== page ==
• Parts of the Instruction Set
• Number of Digits, Leading-zero Suppression
• Segment Decoder for 7-segment and 8-segment Displays with or w/o Serifs
• Timing of the Segment and Digit Blanking to accommodate LED (Light Emitting Diode), VF (Vacuum Fluorescent),
   LC (Liquid Crystal), or Panaplex (Segmented Nixie Style) Displays

Texas Instruments marketed this first generation single-chip calculator circuit as TMS0100 family and the famous Bowmar 901B was based on the TMS0103 while the earliest TI-2500 Datamath, Minimath, TI-3000 Deskmath, and TI-3500 are using the TMS0110, TMS0111, TMS0109, and TMS0106, respectively. Even TI’s first "Slide Rule" calculator, the SR-10 introduced in November 1972 features with the TMS0120 a member of the TMS0100 family. Subsequent designs kept the overall architecture with just minor enhancements, paving the way for the TMS1000 Microcomputer introduced in October 1974 with the SR-16 and we know as of today:

• TMS0100: First generation single-chip calculator circuit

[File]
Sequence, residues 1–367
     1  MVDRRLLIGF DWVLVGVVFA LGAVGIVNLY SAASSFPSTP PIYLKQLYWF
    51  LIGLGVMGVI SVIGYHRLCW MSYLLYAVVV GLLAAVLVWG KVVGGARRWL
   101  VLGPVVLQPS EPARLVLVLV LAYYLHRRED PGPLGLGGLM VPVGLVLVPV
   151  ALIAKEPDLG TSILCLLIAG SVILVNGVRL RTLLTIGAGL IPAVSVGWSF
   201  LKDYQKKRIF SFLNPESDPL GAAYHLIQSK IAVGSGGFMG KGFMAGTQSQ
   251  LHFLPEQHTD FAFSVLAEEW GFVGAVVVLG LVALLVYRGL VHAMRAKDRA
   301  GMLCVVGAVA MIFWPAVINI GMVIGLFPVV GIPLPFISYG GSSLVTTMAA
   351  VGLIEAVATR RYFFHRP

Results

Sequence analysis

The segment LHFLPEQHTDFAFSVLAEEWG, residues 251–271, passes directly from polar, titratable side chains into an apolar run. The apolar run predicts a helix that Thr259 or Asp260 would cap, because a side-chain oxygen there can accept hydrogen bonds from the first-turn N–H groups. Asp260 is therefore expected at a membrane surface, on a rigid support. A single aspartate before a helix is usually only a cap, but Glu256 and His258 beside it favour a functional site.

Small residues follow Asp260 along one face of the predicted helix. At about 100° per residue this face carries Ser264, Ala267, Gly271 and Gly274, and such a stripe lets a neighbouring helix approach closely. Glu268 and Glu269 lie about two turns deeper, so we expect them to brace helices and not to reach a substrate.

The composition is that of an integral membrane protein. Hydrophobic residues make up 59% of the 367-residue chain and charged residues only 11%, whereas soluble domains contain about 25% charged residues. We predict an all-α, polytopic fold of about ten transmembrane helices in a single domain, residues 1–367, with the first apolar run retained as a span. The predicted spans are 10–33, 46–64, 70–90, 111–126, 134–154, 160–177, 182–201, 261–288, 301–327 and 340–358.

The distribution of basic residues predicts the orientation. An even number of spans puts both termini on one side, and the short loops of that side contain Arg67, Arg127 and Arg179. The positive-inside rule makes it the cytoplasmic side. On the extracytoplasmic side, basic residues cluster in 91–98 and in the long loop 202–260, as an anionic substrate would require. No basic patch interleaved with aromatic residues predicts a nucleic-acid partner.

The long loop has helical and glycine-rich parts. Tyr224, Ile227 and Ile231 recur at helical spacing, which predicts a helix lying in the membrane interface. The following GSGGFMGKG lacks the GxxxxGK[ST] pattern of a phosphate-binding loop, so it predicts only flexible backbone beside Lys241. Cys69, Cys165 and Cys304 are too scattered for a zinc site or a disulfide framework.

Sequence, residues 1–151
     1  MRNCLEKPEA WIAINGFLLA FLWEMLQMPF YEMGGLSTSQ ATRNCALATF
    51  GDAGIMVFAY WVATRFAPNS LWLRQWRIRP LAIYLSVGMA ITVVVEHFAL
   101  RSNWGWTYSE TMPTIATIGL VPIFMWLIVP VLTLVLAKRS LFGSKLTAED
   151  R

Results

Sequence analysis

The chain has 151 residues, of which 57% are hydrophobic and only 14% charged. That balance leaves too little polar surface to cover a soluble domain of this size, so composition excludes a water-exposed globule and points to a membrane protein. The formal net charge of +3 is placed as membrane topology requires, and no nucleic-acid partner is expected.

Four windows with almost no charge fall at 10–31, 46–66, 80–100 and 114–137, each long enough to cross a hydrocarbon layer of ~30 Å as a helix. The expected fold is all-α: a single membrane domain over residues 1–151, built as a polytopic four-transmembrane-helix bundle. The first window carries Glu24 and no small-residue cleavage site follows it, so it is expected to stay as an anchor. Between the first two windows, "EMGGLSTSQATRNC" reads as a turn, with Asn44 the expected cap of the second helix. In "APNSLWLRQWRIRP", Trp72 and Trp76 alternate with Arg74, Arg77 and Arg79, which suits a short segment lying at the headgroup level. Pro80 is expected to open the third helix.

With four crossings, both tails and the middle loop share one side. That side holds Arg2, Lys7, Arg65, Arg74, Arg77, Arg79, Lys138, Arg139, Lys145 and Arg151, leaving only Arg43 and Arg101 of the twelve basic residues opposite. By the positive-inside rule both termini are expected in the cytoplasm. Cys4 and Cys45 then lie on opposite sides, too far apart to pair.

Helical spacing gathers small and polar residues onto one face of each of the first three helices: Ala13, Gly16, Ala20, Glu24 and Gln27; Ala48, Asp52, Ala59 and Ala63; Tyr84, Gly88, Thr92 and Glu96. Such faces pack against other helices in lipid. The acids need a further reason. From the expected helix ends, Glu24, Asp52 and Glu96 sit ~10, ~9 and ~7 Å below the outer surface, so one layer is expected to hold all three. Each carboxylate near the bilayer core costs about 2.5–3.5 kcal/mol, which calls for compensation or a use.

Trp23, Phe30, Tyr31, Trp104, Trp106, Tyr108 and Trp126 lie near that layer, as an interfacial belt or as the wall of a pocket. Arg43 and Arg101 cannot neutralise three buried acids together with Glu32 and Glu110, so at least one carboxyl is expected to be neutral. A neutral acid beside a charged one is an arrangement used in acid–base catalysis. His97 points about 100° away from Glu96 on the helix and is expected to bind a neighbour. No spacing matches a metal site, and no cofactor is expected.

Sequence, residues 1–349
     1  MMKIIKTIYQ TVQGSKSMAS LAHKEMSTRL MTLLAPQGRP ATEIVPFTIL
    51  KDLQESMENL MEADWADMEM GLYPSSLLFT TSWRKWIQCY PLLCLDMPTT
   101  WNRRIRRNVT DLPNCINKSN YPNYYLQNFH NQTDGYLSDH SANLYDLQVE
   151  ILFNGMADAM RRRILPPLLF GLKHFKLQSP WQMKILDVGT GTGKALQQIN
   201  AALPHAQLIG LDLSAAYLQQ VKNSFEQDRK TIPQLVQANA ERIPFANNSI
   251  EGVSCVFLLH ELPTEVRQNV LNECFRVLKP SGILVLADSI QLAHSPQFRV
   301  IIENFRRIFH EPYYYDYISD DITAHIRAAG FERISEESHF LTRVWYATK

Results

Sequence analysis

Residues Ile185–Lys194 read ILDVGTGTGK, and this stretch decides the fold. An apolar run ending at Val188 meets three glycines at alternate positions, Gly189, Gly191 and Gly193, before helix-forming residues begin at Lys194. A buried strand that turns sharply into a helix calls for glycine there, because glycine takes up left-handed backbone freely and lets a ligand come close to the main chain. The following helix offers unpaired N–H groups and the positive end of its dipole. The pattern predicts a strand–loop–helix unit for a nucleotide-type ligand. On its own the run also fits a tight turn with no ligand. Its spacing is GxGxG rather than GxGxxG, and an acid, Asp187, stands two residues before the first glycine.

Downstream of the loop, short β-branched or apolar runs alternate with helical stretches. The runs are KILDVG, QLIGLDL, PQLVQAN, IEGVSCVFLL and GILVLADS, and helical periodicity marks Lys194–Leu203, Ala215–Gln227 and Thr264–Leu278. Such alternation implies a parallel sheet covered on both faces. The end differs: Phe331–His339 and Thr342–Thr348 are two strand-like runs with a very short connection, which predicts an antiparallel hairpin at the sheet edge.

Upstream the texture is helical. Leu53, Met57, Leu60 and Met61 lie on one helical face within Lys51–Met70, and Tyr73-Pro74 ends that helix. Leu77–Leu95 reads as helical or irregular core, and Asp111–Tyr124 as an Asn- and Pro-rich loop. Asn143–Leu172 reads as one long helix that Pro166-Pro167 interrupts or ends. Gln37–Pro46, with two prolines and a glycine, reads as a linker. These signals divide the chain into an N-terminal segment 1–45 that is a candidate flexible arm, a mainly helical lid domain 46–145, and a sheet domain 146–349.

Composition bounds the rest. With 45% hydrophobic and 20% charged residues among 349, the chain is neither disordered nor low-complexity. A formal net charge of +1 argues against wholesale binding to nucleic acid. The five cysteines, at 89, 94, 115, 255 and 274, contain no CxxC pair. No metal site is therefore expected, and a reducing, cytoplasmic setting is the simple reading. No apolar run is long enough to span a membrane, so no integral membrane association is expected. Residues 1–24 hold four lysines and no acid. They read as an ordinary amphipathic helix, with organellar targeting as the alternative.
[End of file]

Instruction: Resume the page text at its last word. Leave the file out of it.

• TMS0600: Larger program memory with 384 Words for more complex calculator algorithm, think TI-2550 or SR-11
• TMS0700: Design shrink of the TMS0100 chip for cost optimization, think Exactra 20
• TMS0800: Reduced Register size with 11 Digits Registers instead of 13 Digits Registers, integrated segment drivers and internal clock oscillator, think TI-1500
• TMS0850: High-voltage drivers for VF-Displays, think Canon LD-80
• TMS0830: Low-voltage process to operate on 9V battery, think MBO Expert
• TMS1000: Switch from "Register Processor" to "Digit Processor" architecture to allow for non-arithmetic applications, think PC-800
• TMS0950: Cost reduced Digit Processor with integrated segment and display drivers. As a design consequence changing from digit-scanning of the keyboard
   matrix to segment-scanning. Think TI-1200
• TMS0970: Further cost-optimization with fully integrating clock oscillator and die-shrinking, think Little Professor